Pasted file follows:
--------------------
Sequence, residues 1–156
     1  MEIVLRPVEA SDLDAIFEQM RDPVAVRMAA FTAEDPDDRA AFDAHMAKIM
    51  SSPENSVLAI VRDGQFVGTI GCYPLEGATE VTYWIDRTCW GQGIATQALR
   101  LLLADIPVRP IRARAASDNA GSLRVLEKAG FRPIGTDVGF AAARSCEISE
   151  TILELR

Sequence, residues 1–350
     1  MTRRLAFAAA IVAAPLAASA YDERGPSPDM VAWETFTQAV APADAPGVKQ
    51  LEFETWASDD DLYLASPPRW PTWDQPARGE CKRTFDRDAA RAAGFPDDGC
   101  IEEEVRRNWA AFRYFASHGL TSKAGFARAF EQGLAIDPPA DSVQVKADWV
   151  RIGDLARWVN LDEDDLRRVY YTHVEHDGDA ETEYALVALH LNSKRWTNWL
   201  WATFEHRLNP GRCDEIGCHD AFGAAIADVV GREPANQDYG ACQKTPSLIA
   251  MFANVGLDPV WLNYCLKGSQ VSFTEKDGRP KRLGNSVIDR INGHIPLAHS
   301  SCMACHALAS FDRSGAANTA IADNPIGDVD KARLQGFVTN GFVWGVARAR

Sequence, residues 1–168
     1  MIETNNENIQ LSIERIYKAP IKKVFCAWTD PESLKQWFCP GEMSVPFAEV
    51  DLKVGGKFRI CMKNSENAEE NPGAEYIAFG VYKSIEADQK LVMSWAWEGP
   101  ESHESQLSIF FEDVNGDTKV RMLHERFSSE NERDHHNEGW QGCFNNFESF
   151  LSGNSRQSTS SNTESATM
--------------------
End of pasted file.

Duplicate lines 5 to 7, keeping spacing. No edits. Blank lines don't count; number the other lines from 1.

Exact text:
   151  TILELR

Sequence, residues 1–350
     1  MTRRLAFAAA IVAAPLAASA YDERGPSPDM VAWETFTQAV APADAPGVKQ